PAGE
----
In August, 247Sports listed Lane Stadium as the fifth-loudest stadium in all of college football. While it’s important to note that there is no official stadium noise ranking, the distinction is warranted nonetheless. After all, of the schools that have recorded noise levels, Virginia Tech has the fifth-highest decibel rating. Sandwiched between Autzen Stadium (Oregon) and Beaver Stadium (Penn State), Lane Stadium—which only holds about 66,233 people—can generate noise up to 126.2 decibels. Quite simply, the Hokies have what Boston College football head coach Steve Addazio calls “the 12th man crowd factor.”
In attempt to prepare for his team’s Week 10 road trip to Blacksburg, Va., the sixth-year Eagles coach is pulling out all the stops to simulate the hostile environment. Fortunately for BC, the newly built Fish Field House has a sound system, which according to Addazio is “probably second to none in America.”
“We were in there last night, and we had that thing cranked up,” he told reporters during his Monday weekly press conference. “It was giving me a headache it was so loud. …This thing is incredible—it’s deafening.”
The Eagles have one thing going for them: So far this season, VTech hasn’t been the same team at home as the one that posted a combined 10-2 record at Lane Stadium over the course of its previous two seasons. In fact, the Hokies are just 1-2 in Blacksburg this year. Neither of their two losses have been particularly close either. First, VTech conceded 28 second-half points to Notre Dame, falling to the then-No. 6 Irish, 45-23. Then, two and a half weeks later, Georgia Tech’s famous spread-option attack dissected Bud Foster’s defense, racking up 465 yards on the ground, paving the way for a dominant 49-28 victory.
Overall, the Hokies are giving up 37 points per game at home this season—an anomaly of sorts for a program that’s traditionally ranked somewhere inside the top third of the FBS in scoring defense. It doesn’t come as too much of a surprise, though, considering that of the 10 VTech linebackers and defensive backs to record 10 or more tackles last season, only one returned for the 2018 campaign. BC—a team that just overpowered Miami’s vaunted defense on Friday night and is averaging 38 points per contest this fall—has to be licking its chops.
“We’re not going to allow them to screw their cleats in the ground, not one time,” Addazio said. “We’re going to go as fast and as hard as we can.”
With the exception of the Purdue game and the first half of the North Carolina State matchup, the Eagles’ high-octane style of play has worked like a charm. But all of that success has to be thrown out the window when discussing their Week 10 matchup against the Hokies—historically, VTech has had BC’s number. The Hokies lead the all-time series between the schools, 18-8, and have won eight of the teams’ last 10 meetings, including three straight. Not only is VTech routinely winning, but it’s doing so in a dominant fashion.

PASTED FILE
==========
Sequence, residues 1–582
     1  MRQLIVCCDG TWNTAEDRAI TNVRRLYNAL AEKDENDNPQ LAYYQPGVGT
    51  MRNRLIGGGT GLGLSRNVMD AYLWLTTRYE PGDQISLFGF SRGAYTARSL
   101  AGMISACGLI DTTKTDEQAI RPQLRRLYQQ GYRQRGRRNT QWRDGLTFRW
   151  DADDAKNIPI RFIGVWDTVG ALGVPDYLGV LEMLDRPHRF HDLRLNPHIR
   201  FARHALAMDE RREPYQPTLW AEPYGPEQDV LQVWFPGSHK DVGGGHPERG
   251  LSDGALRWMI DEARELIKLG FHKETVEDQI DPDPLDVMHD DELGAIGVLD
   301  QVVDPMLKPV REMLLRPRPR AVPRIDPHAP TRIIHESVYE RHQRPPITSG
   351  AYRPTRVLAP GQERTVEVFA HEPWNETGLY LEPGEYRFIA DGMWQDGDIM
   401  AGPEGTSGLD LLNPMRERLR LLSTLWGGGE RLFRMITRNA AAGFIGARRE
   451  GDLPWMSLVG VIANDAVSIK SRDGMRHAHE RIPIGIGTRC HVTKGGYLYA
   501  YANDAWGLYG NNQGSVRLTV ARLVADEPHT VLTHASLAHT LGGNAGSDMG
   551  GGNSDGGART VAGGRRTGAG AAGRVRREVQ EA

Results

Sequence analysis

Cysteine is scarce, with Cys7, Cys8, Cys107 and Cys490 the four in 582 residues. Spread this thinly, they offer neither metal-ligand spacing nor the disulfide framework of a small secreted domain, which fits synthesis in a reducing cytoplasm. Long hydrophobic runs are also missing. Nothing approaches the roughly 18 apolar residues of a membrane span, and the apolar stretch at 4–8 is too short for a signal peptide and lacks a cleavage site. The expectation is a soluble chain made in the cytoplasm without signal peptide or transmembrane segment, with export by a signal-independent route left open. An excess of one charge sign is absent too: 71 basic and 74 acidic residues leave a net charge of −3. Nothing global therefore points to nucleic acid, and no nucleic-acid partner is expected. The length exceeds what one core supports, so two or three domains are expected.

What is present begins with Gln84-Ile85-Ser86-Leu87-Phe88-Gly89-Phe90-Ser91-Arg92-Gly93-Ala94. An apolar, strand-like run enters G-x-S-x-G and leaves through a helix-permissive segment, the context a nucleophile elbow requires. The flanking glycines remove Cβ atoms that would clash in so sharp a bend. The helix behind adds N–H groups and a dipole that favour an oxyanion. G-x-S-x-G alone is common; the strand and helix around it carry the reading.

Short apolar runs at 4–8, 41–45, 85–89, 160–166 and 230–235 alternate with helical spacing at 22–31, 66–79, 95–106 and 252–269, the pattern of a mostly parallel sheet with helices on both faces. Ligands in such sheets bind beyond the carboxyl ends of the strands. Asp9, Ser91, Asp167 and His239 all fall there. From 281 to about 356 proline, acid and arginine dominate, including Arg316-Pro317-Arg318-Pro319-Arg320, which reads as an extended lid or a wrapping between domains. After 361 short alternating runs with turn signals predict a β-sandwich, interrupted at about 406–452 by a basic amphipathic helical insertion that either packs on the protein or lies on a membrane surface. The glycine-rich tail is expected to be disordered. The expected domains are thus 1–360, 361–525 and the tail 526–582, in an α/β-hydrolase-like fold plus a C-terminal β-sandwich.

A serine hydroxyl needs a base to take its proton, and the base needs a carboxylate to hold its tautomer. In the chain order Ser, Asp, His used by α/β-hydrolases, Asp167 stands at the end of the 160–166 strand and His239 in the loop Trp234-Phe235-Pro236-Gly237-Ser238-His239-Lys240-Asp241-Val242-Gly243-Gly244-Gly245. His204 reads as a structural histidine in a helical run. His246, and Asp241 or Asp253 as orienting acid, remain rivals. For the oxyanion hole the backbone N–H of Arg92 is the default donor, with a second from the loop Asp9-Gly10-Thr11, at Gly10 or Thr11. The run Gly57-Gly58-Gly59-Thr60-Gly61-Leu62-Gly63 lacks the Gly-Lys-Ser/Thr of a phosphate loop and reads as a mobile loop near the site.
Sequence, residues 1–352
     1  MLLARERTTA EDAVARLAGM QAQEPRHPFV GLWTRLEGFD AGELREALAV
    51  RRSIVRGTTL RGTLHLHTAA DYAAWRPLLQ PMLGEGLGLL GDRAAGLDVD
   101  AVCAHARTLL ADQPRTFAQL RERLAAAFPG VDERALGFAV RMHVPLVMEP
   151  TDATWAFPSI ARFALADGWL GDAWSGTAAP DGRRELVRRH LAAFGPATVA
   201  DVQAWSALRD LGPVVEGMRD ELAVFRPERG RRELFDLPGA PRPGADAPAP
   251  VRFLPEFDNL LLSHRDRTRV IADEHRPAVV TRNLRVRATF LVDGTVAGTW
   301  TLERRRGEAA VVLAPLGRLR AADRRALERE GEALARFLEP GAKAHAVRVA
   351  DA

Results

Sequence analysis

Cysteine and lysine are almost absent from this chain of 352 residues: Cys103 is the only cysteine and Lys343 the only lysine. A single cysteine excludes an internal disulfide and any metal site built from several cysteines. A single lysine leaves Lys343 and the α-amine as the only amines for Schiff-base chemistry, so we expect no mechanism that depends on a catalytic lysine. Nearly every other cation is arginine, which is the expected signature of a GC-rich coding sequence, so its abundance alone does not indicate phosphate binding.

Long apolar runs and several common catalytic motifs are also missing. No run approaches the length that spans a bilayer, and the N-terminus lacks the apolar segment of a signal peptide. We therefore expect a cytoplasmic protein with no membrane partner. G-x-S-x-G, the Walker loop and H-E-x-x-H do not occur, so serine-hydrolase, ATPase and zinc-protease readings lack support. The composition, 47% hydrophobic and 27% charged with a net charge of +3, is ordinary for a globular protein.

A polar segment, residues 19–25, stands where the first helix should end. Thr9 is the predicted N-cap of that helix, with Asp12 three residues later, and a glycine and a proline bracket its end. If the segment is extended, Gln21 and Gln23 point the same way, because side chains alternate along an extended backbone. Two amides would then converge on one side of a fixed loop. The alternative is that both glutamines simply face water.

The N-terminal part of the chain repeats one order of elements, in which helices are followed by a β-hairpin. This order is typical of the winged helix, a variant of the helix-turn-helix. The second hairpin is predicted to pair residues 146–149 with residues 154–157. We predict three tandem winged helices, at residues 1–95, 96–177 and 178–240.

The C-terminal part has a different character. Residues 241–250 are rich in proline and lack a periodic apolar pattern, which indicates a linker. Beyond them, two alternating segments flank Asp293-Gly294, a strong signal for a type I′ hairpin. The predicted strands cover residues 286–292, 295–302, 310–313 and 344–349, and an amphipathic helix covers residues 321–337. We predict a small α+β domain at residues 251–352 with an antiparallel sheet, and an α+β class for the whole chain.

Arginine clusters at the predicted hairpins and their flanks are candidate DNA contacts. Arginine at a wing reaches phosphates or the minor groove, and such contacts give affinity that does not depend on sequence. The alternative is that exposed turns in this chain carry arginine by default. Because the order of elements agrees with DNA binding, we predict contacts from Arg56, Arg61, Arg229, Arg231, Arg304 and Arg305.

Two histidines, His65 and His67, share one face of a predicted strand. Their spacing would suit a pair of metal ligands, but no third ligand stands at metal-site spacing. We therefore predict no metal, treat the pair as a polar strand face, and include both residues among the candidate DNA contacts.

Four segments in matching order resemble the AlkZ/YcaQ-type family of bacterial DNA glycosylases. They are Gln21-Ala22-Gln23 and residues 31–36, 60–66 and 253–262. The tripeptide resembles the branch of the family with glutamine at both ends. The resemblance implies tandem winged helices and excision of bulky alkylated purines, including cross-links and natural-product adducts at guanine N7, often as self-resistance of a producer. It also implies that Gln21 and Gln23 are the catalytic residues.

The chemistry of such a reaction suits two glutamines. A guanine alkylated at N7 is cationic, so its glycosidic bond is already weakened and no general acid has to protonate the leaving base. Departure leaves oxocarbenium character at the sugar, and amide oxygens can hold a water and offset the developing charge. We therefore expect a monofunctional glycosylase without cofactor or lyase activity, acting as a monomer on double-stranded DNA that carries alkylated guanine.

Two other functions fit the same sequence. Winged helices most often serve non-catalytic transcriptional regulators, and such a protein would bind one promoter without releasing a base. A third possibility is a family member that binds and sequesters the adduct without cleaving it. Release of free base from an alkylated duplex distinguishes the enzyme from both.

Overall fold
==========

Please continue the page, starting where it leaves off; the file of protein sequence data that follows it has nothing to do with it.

Of those eight victories, seven have been decided by 13 or more points. Although Addazio upended the Hokies back-to-back years to kick off his BC tenure, the series has since been reclaimed by VTech and, if anything, is currently more lopsided than ever. Actually, the Hokies have dealt the Eagles their worst loss of the season each of the past two years.
Last season, VTech ventured to Chestnut Hill on the eve of Columbus Day weekend and controlled all three phases of the game. Josh Jackson torched the Eagles’ secondary—a unit that entered the matchup ranked 12th against in the pass—and Foster’s defense shut down BC on the other side of the ball. The Eagles only converted two of their 17 third/fourth-down conversions and had to resort to trickery to score their lone touchdown of the night. Following the game, it appeared as if Addazio’s days were numbered and that BC—then 2-4—might not win an ACC game all year.
The annual crossover contest was even uglier in 2016. After beating up on Massachusetts in Week Two, the Eagles were shelled by VTech at Lane Stadium, 49-0. When all was said and done, the Hokies recorded more touchdowns (seven) than BC had first downs (six). The Eagles committed 12 penalties and punted the ball a program-record-breaking 13 times. The seven-touchdown defeat marked the worst of the Addazio era and the worst in program history since BC fell to Ole Miss, 54-0, on Oct. 7, 1950.
“I don’t think you forget things like that,” Addazio said. “That wasn’t—I wouldn’t call that one of the high moments.”
It’s important to note that circumstances are quite different this time around. Without Jackson and a fortified defense, VTech—a team that lost to Old Dominion earlier this season—is nothing short of vulnerable. Not only that, but the Eagles are back in the AP Poll for the second time this season. The national recognition has to be taken with a grain of salt, though—when ranked, the Eagles are just 1-3 against the Hokies. Addazio is well aware of just how little the number next to BC’s name means at this point of the season.
He said that he didn’t even address the ranking with his team, just like he didn’t mention bowl eligibility after Friday’s victory over Miami or cracking the AP Poll for the first time in a decade back in September. Right now, all eyes are on VTech.
But students, alumni, and fans are already speculating what a win on Saturday would mean—a victory that could set the stage for one of the biggest games in recent program history.
Featured Image by Amelie Trieu / Heights Senior Staff